Bazza wouldn’t drink Pure Blonde

All Ale The Big V was a party to an interesting moment today.  For a few days now we have been pondering that most iconic of Victorian beers, Foster’s.  The rest of the world may see it as our national drink but it has almost no profile in its country of origin.  All Ale The Big V knows of no one who drinks it and can’t remember the last time we saw it on tap.  As a matter of fact we can’t even remember what it tastes like.

Being the dedicated lot that we are All Ale The Big V decided to rectify this today and pulled in to the first Liquorland store that we passed.  A quick scan of the fridge revealed just a solitary longneck of the beer that, according to the Foster’s Group, typifies “Australianness”.  The only Australianness it typified in that fridge was a Pommy backpacker lost in the Blue Mountains: cold and lonely.  $5 seemed little to pay for piece of history.

The eyes of the girl behind the counter lit up as we walked up to pay.

“Look we’ve finally sold it,” she yelled to a co-worker.

This did make All Ale The Big V question just how long it may have been in the fridge so we checked the use-by-date. 04 May 2010.  Still plenty of time to go there, which is a good thing as that, coincidentally, will be this blogger’s 40th birthday.  We don’t want that coming around to soon.

Upon questioning, the very helpful Liquorland staff told us that Foster’s had been discontinued at their store due to poor sales and we had purchased the final bottle.  No more cans, stubbies or longnecks to be had.  They weren’t sure if other Liquorland stores would continue to stock it.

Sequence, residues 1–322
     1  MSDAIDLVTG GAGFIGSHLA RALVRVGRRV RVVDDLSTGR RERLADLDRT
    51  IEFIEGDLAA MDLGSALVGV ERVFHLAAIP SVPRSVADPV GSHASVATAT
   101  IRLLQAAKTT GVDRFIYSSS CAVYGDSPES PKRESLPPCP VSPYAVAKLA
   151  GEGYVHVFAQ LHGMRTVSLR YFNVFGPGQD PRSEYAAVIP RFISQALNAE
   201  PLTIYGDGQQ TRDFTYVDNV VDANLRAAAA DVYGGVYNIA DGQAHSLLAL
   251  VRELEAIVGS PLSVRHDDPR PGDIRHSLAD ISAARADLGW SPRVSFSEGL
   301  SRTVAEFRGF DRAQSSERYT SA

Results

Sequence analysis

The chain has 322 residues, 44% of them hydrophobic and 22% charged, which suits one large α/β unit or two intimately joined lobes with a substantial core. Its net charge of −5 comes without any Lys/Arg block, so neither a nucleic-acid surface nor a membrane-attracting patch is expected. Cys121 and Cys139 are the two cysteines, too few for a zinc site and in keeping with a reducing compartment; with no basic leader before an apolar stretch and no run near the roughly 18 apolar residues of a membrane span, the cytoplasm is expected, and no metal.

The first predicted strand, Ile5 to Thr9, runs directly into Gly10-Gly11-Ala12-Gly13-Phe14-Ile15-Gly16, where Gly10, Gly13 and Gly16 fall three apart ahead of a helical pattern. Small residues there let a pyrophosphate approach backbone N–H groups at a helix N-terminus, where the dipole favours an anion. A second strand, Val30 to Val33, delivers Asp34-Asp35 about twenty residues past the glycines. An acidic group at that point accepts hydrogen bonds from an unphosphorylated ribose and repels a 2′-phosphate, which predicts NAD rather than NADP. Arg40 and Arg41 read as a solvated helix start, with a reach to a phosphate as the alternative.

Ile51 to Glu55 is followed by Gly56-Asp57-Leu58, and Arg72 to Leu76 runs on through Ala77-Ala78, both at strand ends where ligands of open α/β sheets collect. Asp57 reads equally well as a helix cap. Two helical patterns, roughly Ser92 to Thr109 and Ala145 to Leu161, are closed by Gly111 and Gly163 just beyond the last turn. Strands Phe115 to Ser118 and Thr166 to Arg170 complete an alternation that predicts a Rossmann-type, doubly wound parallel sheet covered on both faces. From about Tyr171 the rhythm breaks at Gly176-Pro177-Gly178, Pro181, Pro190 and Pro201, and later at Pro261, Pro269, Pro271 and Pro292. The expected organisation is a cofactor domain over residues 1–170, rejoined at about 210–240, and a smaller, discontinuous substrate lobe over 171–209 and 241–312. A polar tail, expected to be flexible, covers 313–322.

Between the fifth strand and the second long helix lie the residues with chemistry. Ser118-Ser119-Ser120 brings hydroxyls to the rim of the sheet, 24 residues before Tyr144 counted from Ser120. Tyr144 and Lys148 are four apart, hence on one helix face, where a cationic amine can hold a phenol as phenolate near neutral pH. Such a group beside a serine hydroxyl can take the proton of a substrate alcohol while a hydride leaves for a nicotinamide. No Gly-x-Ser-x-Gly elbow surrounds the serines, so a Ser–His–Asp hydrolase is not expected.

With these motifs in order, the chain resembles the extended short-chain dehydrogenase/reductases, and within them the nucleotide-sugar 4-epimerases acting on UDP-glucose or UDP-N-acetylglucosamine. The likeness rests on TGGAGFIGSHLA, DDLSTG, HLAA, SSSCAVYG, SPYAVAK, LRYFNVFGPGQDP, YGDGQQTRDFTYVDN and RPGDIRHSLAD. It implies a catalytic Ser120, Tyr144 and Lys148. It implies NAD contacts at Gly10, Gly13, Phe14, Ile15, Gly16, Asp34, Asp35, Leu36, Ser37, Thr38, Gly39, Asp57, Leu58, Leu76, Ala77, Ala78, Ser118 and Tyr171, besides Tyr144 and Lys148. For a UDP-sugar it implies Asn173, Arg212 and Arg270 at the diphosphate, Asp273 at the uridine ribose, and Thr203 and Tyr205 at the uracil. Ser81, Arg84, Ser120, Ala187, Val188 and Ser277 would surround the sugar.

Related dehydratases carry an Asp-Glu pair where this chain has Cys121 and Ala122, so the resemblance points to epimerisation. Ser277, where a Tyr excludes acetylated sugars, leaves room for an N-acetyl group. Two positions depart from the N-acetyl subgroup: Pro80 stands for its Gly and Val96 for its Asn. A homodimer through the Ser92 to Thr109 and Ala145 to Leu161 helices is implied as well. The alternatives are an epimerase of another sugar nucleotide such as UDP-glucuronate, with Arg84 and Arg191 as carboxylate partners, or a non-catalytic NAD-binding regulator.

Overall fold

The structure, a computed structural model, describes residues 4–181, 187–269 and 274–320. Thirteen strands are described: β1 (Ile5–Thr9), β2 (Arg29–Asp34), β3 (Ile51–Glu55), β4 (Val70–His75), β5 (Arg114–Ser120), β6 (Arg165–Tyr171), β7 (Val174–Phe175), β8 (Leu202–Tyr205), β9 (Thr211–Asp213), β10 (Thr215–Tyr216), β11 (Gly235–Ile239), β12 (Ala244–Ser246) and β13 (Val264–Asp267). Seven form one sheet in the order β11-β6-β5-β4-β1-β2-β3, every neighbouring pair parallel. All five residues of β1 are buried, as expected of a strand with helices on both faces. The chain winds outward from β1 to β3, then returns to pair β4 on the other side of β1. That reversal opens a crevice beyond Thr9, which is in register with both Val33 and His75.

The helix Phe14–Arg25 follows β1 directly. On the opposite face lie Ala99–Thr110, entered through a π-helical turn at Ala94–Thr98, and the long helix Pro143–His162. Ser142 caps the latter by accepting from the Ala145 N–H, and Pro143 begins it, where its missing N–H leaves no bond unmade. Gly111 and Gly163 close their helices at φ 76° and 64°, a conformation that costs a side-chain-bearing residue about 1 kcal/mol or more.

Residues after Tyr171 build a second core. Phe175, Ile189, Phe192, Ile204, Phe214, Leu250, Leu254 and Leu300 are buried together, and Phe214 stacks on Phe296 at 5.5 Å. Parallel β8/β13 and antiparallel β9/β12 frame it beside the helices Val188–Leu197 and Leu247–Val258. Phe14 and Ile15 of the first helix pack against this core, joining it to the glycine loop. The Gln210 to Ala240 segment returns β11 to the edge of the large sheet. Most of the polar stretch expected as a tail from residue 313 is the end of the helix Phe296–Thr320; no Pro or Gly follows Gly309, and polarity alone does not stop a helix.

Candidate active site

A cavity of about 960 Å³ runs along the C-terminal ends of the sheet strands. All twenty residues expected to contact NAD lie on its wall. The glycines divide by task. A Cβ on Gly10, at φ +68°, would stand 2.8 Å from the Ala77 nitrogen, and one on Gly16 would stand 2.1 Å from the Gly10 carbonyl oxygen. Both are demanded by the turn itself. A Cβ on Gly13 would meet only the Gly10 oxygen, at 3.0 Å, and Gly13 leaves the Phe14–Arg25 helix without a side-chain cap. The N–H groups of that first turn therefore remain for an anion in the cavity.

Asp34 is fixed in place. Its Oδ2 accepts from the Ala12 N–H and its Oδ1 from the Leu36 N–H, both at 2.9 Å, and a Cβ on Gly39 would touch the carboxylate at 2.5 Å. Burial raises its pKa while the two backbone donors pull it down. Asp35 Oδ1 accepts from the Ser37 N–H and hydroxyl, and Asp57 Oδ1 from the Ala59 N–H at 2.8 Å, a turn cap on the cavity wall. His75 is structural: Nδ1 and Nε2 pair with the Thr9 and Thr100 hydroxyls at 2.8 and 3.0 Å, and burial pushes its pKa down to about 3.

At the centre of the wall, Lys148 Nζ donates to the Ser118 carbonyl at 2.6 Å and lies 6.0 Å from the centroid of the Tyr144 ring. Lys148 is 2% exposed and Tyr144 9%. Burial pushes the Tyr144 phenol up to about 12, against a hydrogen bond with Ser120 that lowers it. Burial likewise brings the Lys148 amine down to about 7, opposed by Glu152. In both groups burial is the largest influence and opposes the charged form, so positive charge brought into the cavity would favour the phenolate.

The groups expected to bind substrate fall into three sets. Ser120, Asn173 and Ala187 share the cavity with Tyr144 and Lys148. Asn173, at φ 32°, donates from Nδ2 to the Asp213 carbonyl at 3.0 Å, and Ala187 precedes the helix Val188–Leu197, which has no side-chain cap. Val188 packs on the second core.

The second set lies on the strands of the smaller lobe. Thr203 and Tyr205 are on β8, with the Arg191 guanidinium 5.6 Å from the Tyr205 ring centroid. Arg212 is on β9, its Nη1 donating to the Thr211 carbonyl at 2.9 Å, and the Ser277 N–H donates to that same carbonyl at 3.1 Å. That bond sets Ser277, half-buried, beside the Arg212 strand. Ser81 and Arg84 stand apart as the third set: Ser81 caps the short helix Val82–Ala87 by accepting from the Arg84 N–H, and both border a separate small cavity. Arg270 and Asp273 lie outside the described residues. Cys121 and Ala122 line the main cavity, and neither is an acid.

Even Foster’s Group seem to have given up on the beer in Australia.  In a recent release of sales results reported in the Herald Sun, 12 separate brands are listed but the flagship brew is not one of them.  The beer’s website, an embarrassing spectacle, is based in the US.  Check out the videos if you dare.

A historic relic?

A historic relic?

So now that final bottle sits on our desk and we’re wondering whether we should save it for posterity?  Perhaps save it to show our children? How will they ever be able to understand Bazza McKenzie if they don’t know what a Foster’s is?

Bazza McKenzie - personifies the Foster's drinker

Bazza McKenzie - personifies the Foster's drinker

Maybe we’ll just save it for the 4th of May next year.

40!  Somebody get us a beer will ya?

And as Bazza would say “Get one up ya!”


One response to “Bazza wouldn’t drink Pure Blonde

  1. A vivid memory of my childhood is watching my Pa drink Foster’s at ‘happy hour’ at his house. I’d sit on his knee and eat Samboy chips and have a jolly good time. As far as I knew, neither of those brands existed in Australia today. However, you have proved me wrong and until you drink that one remaining longneck, I will consider Fosters alive, albeit ailing.
    In Europe, it’s an entirely different story. Fosters lines supermarket shelves and is snatched up by expats as they reminisce about their sunburnt country. If only they knew that Fosters had been relegated to exports only.

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